According to the campus coordinator of TBT, Hannah Dempsey ’16, gaining signatures on the petition is the organization’s major goal this semester. Dempsey serves as the liaison between TBT and its endorser, the Food and Water Watch. The Food and Water Watch is an international consumer rights group based in Washington, D.C.

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COURTESY PHOTO / TAKE BACK THE TAP

According to Food and Water Watch’s website, 56 colleges and universities have banned bottled water on their campuses. Eleven of those schools have complete bans on bottled water, including its sale at all campus locations.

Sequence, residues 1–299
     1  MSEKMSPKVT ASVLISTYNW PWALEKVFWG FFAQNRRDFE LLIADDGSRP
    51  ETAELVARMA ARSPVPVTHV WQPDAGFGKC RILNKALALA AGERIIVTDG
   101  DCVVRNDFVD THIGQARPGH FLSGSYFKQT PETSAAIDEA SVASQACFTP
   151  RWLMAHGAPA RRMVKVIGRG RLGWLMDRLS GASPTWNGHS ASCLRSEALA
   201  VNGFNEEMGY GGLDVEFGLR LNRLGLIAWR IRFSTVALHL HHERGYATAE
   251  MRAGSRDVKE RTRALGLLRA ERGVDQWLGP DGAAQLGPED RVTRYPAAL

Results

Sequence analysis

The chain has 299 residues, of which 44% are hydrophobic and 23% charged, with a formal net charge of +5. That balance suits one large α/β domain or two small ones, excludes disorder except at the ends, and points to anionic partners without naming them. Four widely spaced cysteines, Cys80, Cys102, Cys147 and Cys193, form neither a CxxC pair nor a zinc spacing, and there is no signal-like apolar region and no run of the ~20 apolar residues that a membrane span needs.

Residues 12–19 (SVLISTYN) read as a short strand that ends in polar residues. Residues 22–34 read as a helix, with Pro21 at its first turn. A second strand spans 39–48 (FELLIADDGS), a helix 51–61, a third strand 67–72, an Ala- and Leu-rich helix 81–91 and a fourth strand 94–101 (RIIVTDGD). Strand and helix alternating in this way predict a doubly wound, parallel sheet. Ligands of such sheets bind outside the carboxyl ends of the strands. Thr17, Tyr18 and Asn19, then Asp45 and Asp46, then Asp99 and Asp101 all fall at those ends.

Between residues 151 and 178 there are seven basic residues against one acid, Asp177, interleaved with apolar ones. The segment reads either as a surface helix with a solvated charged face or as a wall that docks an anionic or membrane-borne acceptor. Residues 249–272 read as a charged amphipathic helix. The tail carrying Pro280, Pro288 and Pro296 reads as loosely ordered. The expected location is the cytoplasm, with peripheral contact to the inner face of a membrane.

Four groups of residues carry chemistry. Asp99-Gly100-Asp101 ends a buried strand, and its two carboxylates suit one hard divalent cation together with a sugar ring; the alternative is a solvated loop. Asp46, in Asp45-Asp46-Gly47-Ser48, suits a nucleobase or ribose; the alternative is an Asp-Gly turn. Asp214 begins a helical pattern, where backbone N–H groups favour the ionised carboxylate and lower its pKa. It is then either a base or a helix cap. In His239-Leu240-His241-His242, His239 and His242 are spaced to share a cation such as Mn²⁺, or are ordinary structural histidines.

TBT’s petition pledges to stop buying bottled water and to reduce its use for campus events; to invest in water fountains, filling stations and reusable water bottles; and to support policies that promote public water systems and ensure maintenance and upgrades needed in national water distribution systems.

The petition began online via Change.org and circulated through Facebook. Through the photo campaign on the terrace this past week, the number of supporters soared from 200 to over 450. Several faculty members also signed the petition.

“We’re trying to reach about 500 signatures, plus as many faculty and staff signatures as we can get,” Dempsey said. “The ultimate goal for this semester is just to go to the administration, particularly Sodexo. They’re the ones that actually stock the bottled water on campus.”

Dempsey lacks confidence that one meeting with Sodexo USA would lead to any action. She said she believes that more campus support is necessary because of the profits from bottled water sales and lack of incentive. Evaluations on environmental friendliness do not include bottled water usage or sales.